During the months following Brest-Litovsk, disorder in the countryside as a result of requisitioning and class warfare was swelled by the outbreak of open civil strife. During the war a legion of Czechs resident in the country and of deserters from the Habsburg armies had been formed inside Russia.
The Russian Revolution of 1917
The first period of Soviet history, which runs from the end of 1917 to the end of 1920, is usually called the period of war communism, or military communism. The term implies that the main features of the period were deter- mined by military events; civil war raged, and foreign powers intervened on Russian soil.
The provisional government faced a crisis. Kerensky, now war minister, emerged as the dominant leader. He failed to realize that it was no longer possible to restore the morale of the armies. A new offensive ordered on July 1 collapsed as soldiers refused to obey orders, deserted their units, and hurried home to their villages, eager to seize the land. The soviets became gradually more and more Bolshevik in their views. Although the June congress of soviets in Petrograd was less than 10 percent Bolshevik, the Bolshevik slogans of peace, bread, and freedom won overwhelming support.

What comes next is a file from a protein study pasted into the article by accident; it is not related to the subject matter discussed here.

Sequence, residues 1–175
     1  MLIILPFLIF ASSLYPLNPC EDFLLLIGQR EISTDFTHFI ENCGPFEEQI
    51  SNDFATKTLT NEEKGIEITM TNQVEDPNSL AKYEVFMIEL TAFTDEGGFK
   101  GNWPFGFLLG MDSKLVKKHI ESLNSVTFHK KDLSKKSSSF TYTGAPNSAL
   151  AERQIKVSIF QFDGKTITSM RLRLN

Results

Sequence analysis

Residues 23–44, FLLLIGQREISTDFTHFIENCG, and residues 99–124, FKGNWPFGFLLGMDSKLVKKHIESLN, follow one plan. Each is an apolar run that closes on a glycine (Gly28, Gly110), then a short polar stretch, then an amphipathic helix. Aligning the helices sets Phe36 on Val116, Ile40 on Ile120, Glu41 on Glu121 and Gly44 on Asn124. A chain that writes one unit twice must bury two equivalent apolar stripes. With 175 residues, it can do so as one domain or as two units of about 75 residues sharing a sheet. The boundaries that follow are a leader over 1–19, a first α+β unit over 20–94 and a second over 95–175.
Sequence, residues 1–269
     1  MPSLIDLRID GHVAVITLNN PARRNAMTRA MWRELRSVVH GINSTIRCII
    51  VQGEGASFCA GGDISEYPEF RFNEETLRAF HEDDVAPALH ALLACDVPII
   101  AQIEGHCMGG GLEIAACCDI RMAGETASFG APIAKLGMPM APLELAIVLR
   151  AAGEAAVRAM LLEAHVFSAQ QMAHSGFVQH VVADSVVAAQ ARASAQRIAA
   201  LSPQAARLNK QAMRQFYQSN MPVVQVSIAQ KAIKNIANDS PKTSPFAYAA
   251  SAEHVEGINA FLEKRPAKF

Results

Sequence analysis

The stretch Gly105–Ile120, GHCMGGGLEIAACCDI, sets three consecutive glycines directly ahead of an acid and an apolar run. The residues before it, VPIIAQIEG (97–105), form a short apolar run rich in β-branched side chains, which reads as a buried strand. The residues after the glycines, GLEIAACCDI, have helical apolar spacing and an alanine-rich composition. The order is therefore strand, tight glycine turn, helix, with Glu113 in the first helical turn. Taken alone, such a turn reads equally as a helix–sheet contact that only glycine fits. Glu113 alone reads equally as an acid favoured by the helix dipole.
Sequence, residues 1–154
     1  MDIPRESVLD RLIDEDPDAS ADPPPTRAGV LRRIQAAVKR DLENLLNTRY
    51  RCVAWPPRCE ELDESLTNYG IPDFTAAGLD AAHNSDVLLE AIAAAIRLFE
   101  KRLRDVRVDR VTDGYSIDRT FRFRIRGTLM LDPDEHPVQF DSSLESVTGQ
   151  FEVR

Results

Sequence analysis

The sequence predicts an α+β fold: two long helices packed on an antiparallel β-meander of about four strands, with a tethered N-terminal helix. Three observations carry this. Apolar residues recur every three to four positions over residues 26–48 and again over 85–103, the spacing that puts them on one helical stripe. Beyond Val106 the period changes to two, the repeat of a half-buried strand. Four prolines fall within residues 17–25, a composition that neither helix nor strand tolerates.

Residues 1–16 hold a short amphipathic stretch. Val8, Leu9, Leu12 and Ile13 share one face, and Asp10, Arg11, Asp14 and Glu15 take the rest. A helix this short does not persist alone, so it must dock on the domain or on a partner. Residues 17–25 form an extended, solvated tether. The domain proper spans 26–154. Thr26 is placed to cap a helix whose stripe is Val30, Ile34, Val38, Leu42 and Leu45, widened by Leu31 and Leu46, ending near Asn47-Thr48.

The most important of the returning Bolshevik exiles was Lenin. His real name was Vladimir Ilyich Ulianov (1870-1924), but in his writings he used the pen name Lenin, to which he sometimes prefixed the initial N, a Russian abbreviation for “nobody,” to tell his readers that he was using a pseudonym.
The provisional government—which held office between mid-March and early November 1917—was a total failure. Russian moderates had no experience of authority. They were separated by a great cultural gulf from the lower classes. Their opportunity to rule came amid a fearful war, which they felt they had to pursue while reconstructing and democratizing the enormous and unwieldy Russian Empire.
By February only ten days’ supply of flour was left in the capital, and the regional commander set up a rationing system. Long lines, closed shops, and the prospect of starvation led to disorder.
In the Duma “unfit ministers” were attacked. The left-wing deputies turned to the secret organizations, which had already been working up public opinion against the government’s dismissal of thousands of factory workers after a strike. The strikers demonstrated in the streets, and thousands of other workers, led by the wives of the workers, massed in a march that was broken up by mounted police.